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The exact same thing made and destroyed The Real World

Blame Delicious Deliveries for the decline of The Real World.

The Miami cast’s attempt to create a business using $50,000 was forced on it by producers, who required the cast to engage in a conflict-creating project together. It was a response to the relative boredom The Real World London, which itself was just the fourth season in MTV’s genre-defining franchise.

It began a trend that continues tonight, with the debut of the 29th season–a trend that both made and will eventually kill the series.

The Real World Ex-Plosion introduces the most drastic format change in the show’s almost 22 year history as five of the seven roommates’ ex-boyfriends and -girlfriends move in to the San Francisco house. That brings both the cast to 12, and borrows from an old Big Brother twist in an attempt to create drama. This is the show’s last chance at ratings; without them, it will likely be cancelled.

Watching The Real World fade away since then has been both sad and, for those of us who grew up with the series, a way to mark the passage of time and our disconnection from newer generations, who seem very passionate about getting blind drunk and hooking up.

So how did Delicious Deliveries send us on this downward spiral? Its creator offers the clues in two separate interviews. As part of the introduction to a fascinating conversation with Real World San Francisco cast member Rachel Campos-Duffy, who’s now married to Real World Boston cast member and Tea Party congressman Sean Duffy, series creator Jon Murray tells Buzzfeed’s Kate Aurthur this about season one:

“If we were going to put seven people in a house together, we knew that how we would get our story would be through conflict. And that conflict would only come if the people living together wouldn’t normally live together. They would make mistakes, or they would be uncomfortable, or they’d have to figure out how to get along. They’d say things that weren’t appropriate. They would be struggling to figure out how to co-exist with someone who they’re normally not used to co-existing with.”

That is exactly what made the series so interesting and fascinating, as New York and Los Angeles and San Francisco all proved. As the re-broadcast of the first season illustrated, season one was a virtual documentary, beyond the conceit of casting a group of strangers and letting them live in a spectacular place.

But in part because The Real World helped normalize diversity, as it introduced viewers to people unlike themselves, putting people from varying backgrounds in a house together doesn’t have the same impact it once did, even for them or for viewers. Last fall, explaining the format change, Murray told EW this:

“When The Real World went on the air in ’92 you put seven diverse people together and you get conflict, and out of that conflict would come change, and then you have a story. Now that it’s 21 years or so later, maybe we’re a bit of a victim of our own success. Diversity is a fact of life today. A lot of young people date people of different races, or have friends who are gay. The world has changed. We’ve had conversations [with the network] throughout 28 seasons of the show, but we’ve never made this big of a commitment to change.”

I’m not sure it is change, though. On the surface, yes, it’s dramatically different to have 10 people who know each other living in a 12-person house on a show that has previously only had eight cast members. It makes previous changes, such as forcing the cast to all have the same job, to seem gentle and quaint by comparison.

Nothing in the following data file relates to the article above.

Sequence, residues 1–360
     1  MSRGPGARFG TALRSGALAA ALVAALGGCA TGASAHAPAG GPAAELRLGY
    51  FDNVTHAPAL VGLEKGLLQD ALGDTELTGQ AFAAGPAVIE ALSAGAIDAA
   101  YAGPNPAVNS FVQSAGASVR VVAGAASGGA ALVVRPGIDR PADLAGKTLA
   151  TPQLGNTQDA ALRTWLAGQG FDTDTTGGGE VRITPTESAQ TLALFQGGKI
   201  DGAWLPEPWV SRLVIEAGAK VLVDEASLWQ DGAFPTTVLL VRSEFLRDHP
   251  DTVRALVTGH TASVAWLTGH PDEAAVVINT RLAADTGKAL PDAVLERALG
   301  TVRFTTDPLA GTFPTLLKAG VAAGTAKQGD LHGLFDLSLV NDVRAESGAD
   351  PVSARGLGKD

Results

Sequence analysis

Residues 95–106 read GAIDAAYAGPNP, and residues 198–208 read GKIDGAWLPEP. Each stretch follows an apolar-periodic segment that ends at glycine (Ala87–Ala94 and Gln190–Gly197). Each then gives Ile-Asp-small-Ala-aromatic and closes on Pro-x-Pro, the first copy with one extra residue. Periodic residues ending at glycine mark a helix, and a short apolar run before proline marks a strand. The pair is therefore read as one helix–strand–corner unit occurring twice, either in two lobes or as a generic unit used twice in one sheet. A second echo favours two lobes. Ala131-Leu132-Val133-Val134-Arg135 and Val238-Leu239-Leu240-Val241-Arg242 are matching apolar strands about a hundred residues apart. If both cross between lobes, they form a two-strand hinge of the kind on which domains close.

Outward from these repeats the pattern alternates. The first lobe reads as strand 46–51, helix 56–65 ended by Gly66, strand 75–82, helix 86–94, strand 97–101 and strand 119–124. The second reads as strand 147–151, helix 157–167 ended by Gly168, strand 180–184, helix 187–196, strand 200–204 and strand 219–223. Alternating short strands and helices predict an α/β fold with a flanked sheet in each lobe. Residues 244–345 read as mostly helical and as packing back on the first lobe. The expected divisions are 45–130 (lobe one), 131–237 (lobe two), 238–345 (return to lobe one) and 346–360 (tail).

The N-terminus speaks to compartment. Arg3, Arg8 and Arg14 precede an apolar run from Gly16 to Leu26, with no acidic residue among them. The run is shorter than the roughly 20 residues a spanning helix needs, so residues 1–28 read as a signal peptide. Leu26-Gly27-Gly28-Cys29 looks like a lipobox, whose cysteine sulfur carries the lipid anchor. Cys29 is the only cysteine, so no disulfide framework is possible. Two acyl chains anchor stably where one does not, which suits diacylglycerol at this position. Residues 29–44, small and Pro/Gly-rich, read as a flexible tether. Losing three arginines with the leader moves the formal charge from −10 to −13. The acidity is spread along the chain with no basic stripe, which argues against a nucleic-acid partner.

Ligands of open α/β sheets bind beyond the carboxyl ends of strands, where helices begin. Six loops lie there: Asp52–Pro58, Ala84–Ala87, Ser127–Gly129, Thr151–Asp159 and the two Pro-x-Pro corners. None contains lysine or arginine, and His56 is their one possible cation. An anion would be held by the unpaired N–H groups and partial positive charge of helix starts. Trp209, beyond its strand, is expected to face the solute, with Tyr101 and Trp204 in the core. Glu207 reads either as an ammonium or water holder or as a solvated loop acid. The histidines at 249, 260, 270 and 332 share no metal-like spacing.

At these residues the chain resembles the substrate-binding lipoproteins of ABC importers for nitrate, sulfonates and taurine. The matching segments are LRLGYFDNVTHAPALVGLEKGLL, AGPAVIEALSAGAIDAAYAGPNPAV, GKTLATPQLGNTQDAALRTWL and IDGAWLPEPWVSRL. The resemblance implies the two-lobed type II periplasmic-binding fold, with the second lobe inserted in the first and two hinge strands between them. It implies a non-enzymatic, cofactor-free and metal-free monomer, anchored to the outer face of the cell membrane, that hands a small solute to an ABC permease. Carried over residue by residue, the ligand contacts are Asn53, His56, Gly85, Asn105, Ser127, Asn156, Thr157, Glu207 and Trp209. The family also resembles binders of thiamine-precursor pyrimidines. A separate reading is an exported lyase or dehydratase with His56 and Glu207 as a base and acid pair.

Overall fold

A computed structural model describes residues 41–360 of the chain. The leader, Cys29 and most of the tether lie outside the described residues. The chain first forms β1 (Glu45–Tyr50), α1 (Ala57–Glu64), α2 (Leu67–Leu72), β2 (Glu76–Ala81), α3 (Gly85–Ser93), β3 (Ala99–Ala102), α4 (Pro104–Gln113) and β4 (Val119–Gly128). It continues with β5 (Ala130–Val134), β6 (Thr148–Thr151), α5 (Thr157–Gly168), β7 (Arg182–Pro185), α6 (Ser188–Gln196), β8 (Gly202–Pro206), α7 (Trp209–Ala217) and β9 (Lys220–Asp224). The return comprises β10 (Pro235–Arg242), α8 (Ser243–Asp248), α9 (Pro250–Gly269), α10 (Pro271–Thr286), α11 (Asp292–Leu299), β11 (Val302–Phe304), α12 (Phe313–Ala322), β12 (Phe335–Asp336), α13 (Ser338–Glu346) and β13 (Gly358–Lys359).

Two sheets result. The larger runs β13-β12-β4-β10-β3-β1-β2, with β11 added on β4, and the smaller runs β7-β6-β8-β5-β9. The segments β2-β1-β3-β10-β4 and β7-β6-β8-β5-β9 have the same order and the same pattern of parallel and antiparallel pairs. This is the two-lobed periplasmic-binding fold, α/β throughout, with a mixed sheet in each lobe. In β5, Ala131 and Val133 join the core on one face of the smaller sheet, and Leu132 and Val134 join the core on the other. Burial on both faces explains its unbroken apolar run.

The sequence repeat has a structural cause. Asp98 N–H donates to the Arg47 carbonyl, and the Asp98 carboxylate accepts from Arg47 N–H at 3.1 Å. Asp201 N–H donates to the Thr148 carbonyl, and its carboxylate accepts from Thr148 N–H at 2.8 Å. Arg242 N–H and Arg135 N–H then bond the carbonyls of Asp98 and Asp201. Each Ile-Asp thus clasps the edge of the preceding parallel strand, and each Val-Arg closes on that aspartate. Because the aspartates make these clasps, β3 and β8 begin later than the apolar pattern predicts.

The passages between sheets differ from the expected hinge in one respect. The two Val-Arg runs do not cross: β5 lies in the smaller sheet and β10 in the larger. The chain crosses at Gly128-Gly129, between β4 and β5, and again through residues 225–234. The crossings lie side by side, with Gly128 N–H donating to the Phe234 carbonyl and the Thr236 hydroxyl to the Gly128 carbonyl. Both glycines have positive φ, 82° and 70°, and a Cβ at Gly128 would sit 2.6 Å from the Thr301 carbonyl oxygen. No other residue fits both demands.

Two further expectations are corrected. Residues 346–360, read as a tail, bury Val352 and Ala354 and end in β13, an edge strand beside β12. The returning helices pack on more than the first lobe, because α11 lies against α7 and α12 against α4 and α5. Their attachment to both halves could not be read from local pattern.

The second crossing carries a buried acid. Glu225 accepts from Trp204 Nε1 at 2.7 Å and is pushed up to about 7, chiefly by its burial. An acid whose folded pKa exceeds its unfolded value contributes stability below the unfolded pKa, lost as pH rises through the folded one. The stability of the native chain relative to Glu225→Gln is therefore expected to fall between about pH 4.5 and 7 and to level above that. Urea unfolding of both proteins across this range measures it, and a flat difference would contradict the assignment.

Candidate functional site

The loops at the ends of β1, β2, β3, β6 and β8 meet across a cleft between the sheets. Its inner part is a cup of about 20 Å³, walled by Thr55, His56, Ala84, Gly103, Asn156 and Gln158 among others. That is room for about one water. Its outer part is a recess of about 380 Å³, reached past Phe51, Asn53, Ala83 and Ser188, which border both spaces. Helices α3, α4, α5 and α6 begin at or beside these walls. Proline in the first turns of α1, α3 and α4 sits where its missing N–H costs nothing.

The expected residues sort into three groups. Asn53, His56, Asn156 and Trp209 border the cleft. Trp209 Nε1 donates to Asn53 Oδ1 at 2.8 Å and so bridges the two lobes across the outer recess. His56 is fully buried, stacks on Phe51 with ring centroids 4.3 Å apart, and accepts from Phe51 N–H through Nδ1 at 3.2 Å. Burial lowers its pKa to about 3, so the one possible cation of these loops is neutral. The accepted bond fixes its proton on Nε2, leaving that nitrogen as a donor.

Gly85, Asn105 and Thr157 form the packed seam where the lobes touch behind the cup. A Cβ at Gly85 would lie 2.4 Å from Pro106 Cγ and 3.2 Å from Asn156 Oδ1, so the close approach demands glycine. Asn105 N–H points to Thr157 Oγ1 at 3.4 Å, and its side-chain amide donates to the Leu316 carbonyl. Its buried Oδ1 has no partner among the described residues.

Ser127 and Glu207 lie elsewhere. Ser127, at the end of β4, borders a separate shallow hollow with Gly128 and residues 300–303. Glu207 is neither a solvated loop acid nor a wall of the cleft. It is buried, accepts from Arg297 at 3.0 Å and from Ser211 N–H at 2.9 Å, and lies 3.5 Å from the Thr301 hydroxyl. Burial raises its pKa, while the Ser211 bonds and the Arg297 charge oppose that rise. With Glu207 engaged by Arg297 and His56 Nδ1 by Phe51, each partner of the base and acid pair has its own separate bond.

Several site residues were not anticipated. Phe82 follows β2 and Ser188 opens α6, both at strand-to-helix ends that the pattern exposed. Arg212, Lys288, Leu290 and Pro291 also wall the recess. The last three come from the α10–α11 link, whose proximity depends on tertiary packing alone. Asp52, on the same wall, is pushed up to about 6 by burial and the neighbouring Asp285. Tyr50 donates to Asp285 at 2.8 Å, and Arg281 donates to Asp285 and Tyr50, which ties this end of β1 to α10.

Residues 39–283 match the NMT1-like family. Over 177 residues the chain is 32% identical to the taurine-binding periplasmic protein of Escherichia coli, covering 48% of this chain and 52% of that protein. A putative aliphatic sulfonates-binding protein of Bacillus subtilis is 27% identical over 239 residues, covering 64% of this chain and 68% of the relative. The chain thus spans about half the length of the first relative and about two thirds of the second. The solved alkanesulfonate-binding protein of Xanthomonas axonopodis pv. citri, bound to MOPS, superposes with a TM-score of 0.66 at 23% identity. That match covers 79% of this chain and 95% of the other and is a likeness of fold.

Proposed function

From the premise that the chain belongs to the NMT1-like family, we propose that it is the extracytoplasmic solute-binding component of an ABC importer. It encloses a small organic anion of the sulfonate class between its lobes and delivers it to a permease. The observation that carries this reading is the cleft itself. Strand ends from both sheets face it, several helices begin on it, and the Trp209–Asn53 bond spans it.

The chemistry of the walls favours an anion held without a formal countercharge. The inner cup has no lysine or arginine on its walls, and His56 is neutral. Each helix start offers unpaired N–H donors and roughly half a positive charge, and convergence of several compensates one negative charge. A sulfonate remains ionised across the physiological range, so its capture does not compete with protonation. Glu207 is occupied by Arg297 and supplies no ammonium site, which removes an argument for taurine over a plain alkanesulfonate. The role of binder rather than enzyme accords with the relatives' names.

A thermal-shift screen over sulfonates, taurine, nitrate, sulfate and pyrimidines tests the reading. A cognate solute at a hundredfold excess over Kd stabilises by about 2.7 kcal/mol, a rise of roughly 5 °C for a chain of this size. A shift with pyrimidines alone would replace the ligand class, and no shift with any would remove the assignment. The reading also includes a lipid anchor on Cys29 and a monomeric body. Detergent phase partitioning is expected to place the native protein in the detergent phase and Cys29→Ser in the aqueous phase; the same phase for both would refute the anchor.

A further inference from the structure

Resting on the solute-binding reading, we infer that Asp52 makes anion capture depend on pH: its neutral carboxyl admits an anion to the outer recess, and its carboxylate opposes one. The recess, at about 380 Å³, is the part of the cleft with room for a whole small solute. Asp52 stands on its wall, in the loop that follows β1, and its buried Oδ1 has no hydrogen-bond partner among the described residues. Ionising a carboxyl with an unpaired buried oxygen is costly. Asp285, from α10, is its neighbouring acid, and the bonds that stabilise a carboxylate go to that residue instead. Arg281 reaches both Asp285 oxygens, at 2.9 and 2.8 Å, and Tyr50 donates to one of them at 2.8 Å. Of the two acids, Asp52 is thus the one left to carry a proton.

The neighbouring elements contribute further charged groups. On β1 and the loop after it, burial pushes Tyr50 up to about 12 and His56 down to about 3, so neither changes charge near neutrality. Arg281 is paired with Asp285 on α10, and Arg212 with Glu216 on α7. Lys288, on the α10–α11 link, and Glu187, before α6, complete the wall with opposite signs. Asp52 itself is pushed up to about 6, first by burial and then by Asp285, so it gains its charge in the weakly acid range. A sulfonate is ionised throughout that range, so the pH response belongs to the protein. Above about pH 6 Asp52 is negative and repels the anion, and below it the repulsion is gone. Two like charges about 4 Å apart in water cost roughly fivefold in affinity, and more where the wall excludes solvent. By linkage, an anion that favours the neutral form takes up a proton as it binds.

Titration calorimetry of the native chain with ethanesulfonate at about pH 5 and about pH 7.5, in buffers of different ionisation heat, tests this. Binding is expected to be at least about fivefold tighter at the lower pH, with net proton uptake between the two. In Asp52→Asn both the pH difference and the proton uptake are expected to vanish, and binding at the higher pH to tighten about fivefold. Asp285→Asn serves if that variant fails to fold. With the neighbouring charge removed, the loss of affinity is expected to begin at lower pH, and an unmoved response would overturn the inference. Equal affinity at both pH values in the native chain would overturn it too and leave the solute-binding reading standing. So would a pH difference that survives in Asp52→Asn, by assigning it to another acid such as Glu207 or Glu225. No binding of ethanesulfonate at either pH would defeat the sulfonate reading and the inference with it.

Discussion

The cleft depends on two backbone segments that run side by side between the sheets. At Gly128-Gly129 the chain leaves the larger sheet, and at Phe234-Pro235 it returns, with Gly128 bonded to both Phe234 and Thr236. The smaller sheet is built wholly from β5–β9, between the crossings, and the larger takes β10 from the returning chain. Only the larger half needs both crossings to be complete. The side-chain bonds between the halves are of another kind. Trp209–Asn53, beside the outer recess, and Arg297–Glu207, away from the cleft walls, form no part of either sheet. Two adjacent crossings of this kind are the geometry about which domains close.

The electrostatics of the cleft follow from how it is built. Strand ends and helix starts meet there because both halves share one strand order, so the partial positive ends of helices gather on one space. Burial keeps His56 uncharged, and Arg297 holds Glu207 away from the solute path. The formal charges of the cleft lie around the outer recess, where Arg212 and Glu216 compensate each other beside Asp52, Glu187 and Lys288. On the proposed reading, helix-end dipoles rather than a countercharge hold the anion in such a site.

But all this format change really does is double down on the show’s increasingly desperate attempts to create conflict. Pursuit of conflict may have given the series its life, but it has also destroyed it.

Yes, good narratives and stories require conflict, but there is more than one kind of conflict, and all the show seems to want is the kind that involves screaming and fighting. What else could moving exes into the house create?

Finding increasingly contrived ways of producing that kind of conflict actually makes for a less-interesting show, because it is so predictable and repetitive. People just pour alcohol down their throats before jumping into bed with one person and punching another in the throat. This is what they’re cast to do, and what they know they’re expected to do, because they’ve seen people on previous seasons get attention from doing just that.

The Challenge smartly institutionalized this by creating conflict via a competition, but the real mistake was not leaving the artificial conflict to the competition series, where it can thrive indefinitely.

Perhaps The Real World, as Murray said, is just a victim of its success, and it is impossible to re-capture what it once had and once was. I can think of other ways to try, though: Why not find seven people who already live in a city and already have jobs and friends and lives, and have them move in together?Cast only people earning minimum wage, who have to struggle to pay their bills. Or why not find a group of friends who are interesting and diverse and share a living space, and document their lives? Take the show to a college and follow people who live on the same floor in the same dorm.

That’s not the path the network and its producers have chosen. As a result, even if this season isn’t the show’s last, it is the beginning of the end.

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About the author

  • Andy Dehnart

    Andy Dehnart is the creator of reality blurred and a writer and teacher who obsessively and critically covers reality TV and unscripted entertainment, focusing on how it’s made and what it means.

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